As winter approaches, households are grappling with the decision of when to kickstart their heating systems. The cost of living crisis and escalating energy bills are making this decision even more challenging. However, the risk of frozen pipes, mould growth, and health issues calls for heating during the winter season.

Experts at BOXT said an ideal room temperature during winter is between 18 and 20C. He advises against cranking up the thermostat during colder periods and encourages homeowners to experiment with different temperature settings. This approach could lead to lower energy bills and potentially improve sleep quality.

He recommends alternating between daytime and nighttime temperatures instead of maintaining a constant temperature throughout the day. This strategy could enhance comfort levels at home while reducing energy usage. With smart thermostats, programming these changes is relatively straightforward.

Kerr debunks the myth that leaving the heating on all day results in energy savings. He explains this practise leads to continuous energy usage by the boiler. Instead, he advises setting boilers to activate only when warm water or heating is required and setting thermostats to the desired home temperature. Overheating won’t accelerate heating times; instead, it extends periods of energy consumption.

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“The constant burning of fuel to heat your home will not only result in energy being used but also energy being lost,” Kerr explains. Heat loss in a standard home can be quite significant compared to the heat generated by boilers and radiators. However, well-insulated homes shouldn’t worry too much about heat loss.

During winter, households need to be mindful of their heating settings. As temperatures drop, there’s a risk the water in boiler systems could freeze if not used at all, potentially causing extensive damage to heating systems. Kerr said to keep a minimum thermostat setting of 10C to prevent pipe freezing.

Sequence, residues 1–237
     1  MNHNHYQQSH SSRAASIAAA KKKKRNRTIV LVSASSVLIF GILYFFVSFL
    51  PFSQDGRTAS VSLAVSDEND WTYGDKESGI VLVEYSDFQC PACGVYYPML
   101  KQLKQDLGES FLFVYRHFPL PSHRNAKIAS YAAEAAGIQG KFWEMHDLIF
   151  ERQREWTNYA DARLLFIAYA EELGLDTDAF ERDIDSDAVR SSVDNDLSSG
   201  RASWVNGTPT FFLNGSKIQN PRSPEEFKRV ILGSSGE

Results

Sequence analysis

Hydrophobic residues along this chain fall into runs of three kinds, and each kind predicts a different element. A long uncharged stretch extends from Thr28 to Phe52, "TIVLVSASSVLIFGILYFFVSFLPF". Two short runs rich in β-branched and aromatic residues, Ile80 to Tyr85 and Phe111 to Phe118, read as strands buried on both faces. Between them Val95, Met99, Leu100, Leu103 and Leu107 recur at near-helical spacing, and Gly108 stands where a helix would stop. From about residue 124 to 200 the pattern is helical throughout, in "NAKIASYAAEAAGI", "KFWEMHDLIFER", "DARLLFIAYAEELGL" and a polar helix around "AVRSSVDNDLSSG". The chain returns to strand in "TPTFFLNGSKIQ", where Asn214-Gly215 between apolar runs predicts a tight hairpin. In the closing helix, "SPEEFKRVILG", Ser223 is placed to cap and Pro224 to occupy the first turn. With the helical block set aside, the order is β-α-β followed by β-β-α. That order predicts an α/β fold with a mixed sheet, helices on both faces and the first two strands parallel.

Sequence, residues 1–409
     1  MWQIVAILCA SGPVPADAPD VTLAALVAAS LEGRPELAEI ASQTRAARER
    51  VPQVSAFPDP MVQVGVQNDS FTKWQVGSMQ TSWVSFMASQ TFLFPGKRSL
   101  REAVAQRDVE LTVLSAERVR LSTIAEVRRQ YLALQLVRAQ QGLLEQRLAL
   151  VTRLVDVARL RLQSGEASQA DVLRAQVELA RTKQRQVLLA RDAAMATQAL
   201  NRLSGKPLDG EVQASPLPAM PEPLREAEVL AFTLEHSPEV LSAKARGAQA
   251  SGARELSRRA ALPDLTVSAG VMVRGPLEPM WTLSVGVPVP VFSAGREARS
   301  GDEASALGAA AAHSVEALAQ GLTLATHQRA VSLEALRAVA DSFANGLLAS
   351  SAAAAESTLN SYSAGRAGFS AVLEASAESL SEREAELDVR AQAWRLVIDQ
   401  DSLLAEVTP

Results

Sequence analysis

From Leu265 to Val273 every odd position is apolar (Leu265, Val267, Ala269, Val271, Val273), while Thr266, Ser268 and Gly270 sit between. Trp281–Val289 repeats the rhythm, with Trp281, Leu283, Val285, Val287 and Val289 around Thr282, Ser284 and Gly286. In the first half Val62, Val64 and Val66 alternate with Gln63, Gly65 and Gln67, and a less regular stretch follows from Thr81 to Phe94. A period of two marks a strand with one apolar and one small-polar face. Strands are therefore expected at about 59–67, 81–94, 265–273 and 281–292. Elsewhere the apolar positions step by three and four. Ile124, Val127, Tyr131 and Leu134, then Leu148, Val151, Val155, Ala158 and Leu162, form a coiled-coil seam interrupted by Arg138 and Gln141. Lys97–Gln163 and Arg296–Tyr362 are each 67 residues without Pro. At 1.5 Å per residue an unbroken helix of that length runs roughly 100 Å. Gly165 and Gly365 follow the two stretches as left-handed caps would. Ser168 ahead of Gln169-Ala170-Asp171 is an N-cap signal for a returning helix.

David Lukeman, Managing Director of North West Heating Solutions, acknowledges room temperature preferences can vary greatly among individuals. However, he cautions against certain low temperatures. According to Lukeman, maintaining a home temperature of 12C could encourage mould growth, posing risks to both property and health.

Karl Huckerby, cleaning expert from Spare and Square, concurs: “Low temperatures in the home can cause more problems than you think, with one of these problems being the development of mould and damp. At anywhere under 14C, mould spores and damp thrive.” He said living spaces should ideally be between 18 and 21C to minimise mould growth, with bedrooms kept at 18C for optimal sleep.

Brian Roberts, Lead Gas Tutor at HybridTec, highlights a specific temperature range for efficient and cost-effective heating. “The Energy Saving Trust recommends heating your home to between 18 to 21C during winter to keep energy bills to a minimum and keep people warm,” he says. The World Health Organisation (WHO) also said 18C is the ideal temperature for healthy and well-dressed individuals. However, Roberts emphasises that individual circumstances such as age and health should be taken into account when setting temperatures, particularly for vulnerable groups such as newborns and the elderly.

Rebecca Armstrong, director at Mersey Eco Grants, echoes this sentiment: “The minimum temperature any home should be at is 18C. I can safely say 12C is certainly too cold.”

Interestingly, Kerr said households could save over £100 annually by reducing their heating by just one degree. “An estimated 17 million households in the UK could save as much as £2billion by turning their thermostats down by just one degree from the current average temperature of 20C.”

Natasha Berthiaume, Head of Brand at Hometree, agrees adjusting the thermostat can impact energy bills significantly. She explains the decision to keep the boiler on a constant low heat or to switch it on and off at specific times of the day largely depends on the effectiveness of home insulation.

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